We live in Markham, Ontario and planted 4 emerald cedars (4-5 ft high) closer to the outside wall of our house . These were planted in mid-May of this year and were green and looking good till mid-June. For the last 2-3 weeks the leaves have been turning brown and are almost crisp and dry to touch now. After doing the scratch test, the tree trunk appears to be slightly green-and-white, not dry from the inside. While planting, a mix of top soil and triple blend (purchased from Walmart) had been used. The trees have been regularly watered (once every 1-2 days but not heavily) since their planting. Are the trees already dead and could this be due to the intense hot and dry weather we are facing this summer? Or is there another underlying cause? Is there anything that can be done to save these trees? It is frustrating that these newly planted trees grew well for the first 5-6 weeks before they started browning. Any help will be much appreciated.
Thank you for contacting the Toronto Master Gardeners with your inquiry.
You mention that you have watered your trees once every 1-2 days bit not heavily. With this years extreme heat and the lack of rain water I suspect that the problem with your trees are that the roots are not receiving sufficient water.
Cedars naturally grow in wet ground. Regular watering is a must, especially in drought conditions. Water deeply and thoroughly once or twice a week as opposed to watering more often and lightly. When you water, have the water run slowly, a soaker hose works well for a long period of time. If you run the water for at least an hour the water will be able to soak down into the roots. Let the soil dry out before you re-water. You may find you are watering less often but the trees will do better. Small amounts of water will not make it down to the roots. With evaporation, run off and grass etc. competing for the water very little if any will make it to the roots.
Mulching is important to hold that water in the root zone, deter weeds and shade the roots. Make sure none of the mulch it touching the trunk, leave a small empty ring right next to the trunk so air can get to the flare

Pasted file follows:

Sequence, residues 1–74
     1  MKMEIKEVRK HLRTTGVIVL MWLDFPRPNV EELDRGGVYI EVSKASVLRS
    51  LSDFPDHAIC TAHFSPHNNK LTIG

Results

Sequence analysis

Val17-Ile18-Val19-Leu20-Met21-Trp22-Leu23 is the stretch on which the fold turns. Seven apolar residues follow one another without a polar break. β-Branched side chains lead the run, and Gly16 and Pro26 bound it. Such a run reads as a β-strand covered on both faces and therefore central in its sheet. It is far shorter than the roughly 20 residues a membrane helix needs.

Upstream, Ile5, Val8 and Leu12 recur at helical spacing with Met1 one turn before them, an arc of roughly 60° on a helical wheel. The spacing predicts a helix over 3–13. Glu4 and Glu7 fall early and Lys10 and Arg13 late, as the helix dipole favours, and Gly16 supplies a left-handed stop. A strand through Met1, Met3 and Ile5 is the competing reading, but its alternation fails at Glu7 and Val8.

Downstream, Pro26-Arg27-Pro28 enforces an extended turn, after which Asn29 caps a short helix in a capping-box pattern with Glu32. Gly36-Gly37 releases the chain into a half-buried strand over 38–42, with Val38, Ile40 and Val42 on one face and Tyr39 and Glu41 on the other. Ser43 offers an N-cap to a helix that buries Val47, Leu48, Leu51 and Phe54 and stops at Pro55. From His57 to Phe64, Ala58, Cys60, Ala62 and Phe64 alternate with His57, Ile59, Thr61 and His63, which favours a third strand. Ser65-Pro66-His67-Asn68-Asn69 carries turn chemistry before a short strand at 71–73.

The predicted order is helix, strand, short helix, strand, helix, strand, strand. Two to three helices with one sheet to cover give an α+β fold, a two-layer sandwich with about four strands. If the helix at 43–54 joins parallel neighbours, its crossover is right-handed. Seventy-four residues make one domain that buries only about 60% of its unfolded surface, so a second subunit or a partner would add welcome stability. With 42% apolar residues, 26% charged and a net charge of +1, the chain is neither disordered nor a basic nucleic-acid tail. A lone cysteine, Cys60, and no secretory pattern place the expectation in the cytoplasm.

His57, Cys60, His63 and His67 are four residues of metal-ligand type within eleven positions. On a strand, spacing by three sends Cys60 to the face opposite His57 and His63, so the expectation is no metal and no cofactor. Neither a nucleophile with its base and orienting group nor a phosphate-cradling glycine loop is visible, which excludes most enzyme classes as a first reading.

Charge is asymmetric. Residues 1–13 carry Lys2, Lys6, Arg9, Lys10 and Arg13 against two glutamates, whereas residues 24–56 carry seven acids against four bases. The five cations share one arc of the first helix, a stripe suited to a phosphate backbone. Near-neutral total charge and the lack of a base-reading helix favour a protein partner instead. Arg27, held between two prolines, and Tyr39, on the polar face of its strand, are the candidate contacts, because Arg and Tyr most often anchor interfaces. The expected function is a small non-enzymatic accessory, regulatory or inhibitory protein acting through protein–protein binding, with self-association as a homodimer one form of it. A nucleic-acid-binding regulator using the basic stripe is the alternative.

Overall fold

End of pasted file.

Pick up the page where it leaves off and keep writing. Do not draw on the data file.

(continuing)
Were the trees planted too deeply? Take a look at the trunk of the tree. Every tree has a flare near the bottom where the trunk widens right before the roots begin. It is very important that the entire flare of the trunk is above the level of the soil. If it is below the level of the soil it will break down the bark and eventually kill the tree. if the tree is too deep you will need to dig around the tree and raise it up.
Another issue you have may be the addition of triple mix with the planting. It is recommended that one uses the soil that was removed from the hole to back fill. The reason for this is with high nutrient soil around the root ball the tree is less likely to send out it roots looking for nutrients and water. It can lead to a smaller, less stable root structure. Hopefully the surrounding soil has enough nutrients to encourage outward growth.
Fertilizing the cedars with 30-10-10 three times in the growing season (May, June and July) is appropriate. Don’t fertilize in late summer, as the cedars needs to prepare to go dormant for the winter. When fertilizing first slowly soak the soil around your cedars’ roots with water, before applying the fertilized solution, to make the soil absorbent. Then, prepare a bucket full of 30-10-10 nitrogen-rich solutions exactly as directed, and apply. Lastly, be sure to water thoroughly with an equal amount, after applying the fertilizer, but slowly, and gently, so as not to wash the nutrients away.
Another option that does not require mixing, topdressing with sheep manure compost or regular compost will not only feed the cedars but will also improve soil structure, encourage beneficial macro & micro organisms and, the earthworms will love you forever.
In late fall you can fertilize with slow release nitrogen and phosphorus, which will lend the cedars a boost come spring.
If you purchased the cedars at a reputable nursery they will be a guarantee and you will be able to exchange them for new trees. If you decide to replace them remember that the middle of the summer is a very difficult time for a tree to establish itself. With the heat and low rain fall any stresses on the tree can be amplified. It is often easier to plant in the early fall or early spring.